Being Productive by Doing Less
Recently, I read an article about the 80–20 rule applied to learning. Last semester, I learned about the 80–20 rule, or Pareto Principle, from my engineering leader interview for ENGI 140. The theory behind it is that 80% of the effects come from 20% of the causes, and with this knowledge, you can focus on the 20% most important causes to get more done. This is all good and well in theory, but it was hard for me to see a real-world example of it.
Another article I read recently discussed how being less busy could be more productive than working all the time. In this era with the proliferation of startups, more and more I hear people working 50–60+ hours a week compared to the normal 40. The engineering leader who I interviewed, the CEO of a construction software company, claimed to be working 120 hours a week! To put that in perspective, that is 17 hours a day including weekends. Busyness is portrayed as success. I had begun to believe that work/life balance was just going to be a lofty dream if I wanted to be really successful.
Both of these articles essentially target the same subject, improving the productive quality of the hours you put in instead of increasing the quantity. The first article states that the three essential activities are: “Improving your skills, doing what you want to do, and having a sense of purpose.” Following these three guidelines, you can eliminate wasting time trying to learn things that aren’t important to you.
“It’s that simple — the trick is to do it every day.”
If you do these activities everyday, you build a habit, and it becomes instinctual. Improve on what you like, what you are passionate about and know your reasoning behind wanting to do so. “Don’t learn something you can’t understand the value of and which is not directly useful.” If you can’t understand why you want to learn it, then you have no real motivation to actually stick to it. That is the road to burnout and stagnation. As the article points out, “Studies prove that the more knowledge you have, the faster you acquire it.” This fact represents the compounding effect. It means that the faster you start making it a daily habit, the more you will learn in the same amount of time each day. Take an example from investing that I happened upon recently: How much would you guess you end up with if you started with a penny at the beginning of a month and doubled it every day for the 30 days? $100? $1,000? $10,000? Actually, the answer is $10.7 million. Even one day can make a difference.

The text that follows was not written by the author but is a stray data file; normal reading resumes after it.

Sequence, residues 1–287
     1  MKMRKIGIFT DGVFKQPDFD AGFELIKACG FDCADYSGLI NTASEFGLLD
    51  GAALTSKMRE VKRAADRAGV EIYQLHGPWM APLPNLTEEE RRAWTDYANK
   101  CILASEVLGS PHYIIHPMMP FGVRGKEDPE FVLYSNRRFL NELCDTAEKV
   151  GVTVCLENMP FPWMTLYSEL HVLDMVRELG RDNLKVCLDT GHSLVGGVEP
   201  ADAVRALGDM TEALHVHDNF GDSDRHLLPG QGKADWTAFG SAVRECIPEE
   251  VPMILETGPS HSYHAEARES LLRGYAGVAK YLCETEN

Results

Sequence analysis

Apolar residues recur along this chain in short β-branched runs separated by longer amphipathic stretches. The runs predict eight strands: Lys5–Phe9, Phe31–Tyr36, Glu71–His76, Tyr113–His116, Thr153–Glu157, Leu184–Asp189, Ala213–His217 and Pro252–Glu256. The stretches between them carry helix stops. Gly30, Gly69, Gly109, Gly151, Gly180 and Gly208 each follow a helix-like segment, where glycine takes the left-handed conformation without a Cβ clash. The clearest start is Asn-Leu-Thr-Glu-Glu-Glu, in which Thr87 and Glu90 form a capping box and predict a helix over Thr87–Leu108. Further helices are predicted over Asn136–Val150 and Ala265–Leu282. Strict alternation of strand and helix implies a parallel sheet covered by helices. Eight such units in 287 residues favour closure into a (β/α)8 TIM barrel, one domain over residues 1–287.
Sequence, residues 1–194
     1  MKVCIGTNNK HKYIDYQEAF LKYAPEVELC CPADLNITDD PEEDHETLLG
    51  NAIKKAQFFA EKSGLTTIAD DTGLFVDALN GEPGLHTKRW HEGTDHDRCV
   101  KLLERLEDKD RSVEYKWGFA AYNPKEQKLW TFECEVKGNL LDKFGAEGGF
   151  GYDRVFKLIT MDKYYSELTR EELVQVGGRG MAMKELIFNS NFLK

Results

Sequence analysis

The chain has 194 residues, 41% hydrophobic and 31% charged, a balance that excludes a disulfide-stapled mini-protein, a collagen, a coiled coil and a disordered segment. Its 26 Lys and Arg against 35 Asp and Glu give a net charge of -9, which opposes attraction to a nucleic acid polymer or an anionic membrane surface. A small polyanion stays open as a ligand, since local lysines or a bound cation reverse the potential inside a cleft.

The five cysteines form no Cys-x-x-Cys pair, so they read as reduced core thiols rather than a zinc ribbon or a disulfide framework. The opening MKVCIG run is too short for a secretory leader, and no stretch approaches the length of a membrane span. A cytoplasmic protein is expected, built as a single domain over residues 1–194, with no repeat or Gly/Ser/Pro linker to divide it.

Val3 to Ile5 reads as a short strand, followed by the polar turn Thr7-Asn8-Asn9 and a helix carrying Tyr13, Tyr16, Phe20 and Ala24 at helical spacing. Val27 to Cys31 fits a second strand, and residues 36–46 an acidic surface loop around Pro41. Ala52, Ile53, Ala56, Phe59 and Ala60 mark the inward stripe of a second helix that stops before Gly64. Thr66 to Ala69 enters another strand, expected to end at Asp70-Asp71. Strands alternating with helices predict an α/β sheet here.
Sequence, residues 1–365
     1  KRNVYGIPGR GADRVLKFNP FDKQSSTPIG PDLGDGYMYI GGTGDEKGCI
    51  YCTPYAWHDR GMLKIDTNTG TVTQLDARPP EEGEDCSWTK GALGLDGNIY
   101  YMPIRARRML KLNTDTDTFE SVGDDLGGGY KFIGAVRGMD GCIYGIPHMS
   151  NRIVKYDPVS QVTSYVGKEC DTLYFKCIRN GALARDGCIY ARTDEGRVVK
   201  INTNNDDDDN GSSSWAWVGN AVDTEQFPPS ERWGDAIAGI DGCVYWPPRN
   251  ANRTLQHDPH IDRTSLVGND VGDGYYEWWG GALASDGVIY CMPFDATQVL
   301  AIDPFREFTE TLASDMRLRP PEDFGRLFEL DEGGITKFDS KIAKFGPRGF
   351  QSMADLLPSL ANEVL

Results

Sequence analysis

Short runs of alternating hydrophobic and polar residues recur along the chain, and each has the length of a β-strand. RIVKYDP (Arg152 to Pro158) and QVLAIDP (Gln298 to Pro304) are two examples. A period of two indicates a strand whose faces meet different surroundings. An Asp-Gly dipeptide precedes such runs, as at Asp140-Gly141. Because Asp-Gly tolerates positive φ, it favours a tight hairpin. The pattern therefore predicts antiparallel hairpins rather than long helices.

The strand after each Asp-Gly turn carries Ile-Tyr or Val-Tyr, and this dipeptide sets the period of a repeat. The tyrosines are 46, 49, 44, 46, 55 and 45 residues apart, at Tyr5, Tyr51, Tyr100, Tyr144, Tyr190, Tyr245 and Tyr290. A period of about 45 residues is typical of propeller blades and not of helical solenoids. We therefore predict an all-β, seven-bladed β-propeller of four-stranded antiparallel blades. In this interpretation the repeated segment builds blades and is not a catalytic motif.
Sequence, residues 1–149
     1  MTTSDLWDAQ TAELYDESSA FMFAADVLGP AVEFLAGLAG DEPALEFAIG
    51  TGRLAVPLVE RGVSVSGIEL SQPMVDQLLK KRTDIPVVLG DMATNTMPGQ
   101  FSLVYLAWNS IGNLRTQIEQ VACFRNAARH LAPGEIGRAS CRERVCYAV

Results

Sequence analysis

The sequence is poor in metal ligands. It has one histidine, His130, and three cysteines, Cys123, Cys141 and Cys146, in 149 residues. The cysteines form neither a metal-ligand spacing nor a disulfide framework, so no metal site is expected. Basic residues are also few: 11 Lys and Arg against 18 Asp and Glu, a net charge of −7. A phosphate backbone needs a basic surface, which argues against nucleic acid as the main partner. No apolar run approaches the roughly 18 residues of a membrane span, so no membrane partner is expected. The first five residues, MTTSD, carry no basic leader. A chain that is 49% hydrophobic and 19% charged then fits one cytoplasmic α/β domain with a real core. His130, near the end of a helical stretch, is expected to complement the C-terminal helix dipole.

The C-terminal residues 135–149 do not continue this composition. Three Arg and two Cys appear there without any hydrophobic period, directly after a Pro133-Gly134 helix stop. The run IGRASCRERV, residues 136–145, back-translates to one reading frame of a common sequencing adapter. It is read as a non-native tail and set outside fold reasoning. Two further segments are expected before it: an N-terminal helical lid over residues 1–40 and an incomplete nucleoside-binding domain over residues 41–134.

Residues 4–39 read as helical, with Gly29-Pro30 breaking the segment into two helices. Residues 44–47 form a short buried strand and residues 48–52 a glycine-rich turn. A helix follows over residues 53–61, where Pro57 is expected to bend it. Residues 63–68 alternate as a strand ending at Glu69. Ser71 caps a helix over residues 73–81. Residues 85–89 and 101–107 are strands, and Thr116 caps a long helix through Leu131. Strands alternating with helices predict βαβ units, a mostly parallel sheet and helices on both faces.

The second focuses on doing less but getting more out of less. The argument stems from the paradox, “When you have less time available for work, you have to make better choices about what to work on (and what not not to).” By necessity, you can learn to be more productive. However, there’s another way to make yourself more productive in the time that you have: by being in control of your time and prioritizing accordingly.
“Not being busy requires saying no a lot.”
I can relate to the difficulty of this statement all too much. Last semester when I first entered college, I wanted to be very proactive, unlike in high school, pursuing every opportunity I saw. Now, I am involved in so many organizations and roles that it’s becoming difficult to distinguish the ones most important to me from the ones I took on just for the sake of proactivity. Luckily, I was able to manage everything relatively fine, but I can see that if I continued at the current pace, I will soon be drowning in all my responsibilities. I realized that I need to understand what is important to me, and focus all my energy on those things because if they really are that important, they deserve my full attention. And that means sometimes turning down other opportunities to focus on what really matters.
“The time you enjoy wasting is not wasted time.”
I just happened to come across this quote today because of a fire alarm drill, and I think it is pretty relevant to being less busy. We have to take breaks and enjoy activities that we find fun to be fully productive during the times that we work. This includes the very important but often trivialized task of getting enough sleep. I know from personal experience how we take sleep for granted, sacrificing my sleep to get some more work done or hang out with friends, even while knowing all the benefits of getting enough sleep I was missing out on. It always seems worth it in the moment, but as the previously linked article points out, “After several nights of losing sleep — even a loss of just 1–2 hours per night — your ability to function suffers as if you haven’t slept at all for a day or two.” So do your best to get enough sleep and engage in the activities that you enjoy. However, we also have to be careful about justifying spending excess time on these recreational activities. Once it crosses over into overindulgence, it starts to become time wasted.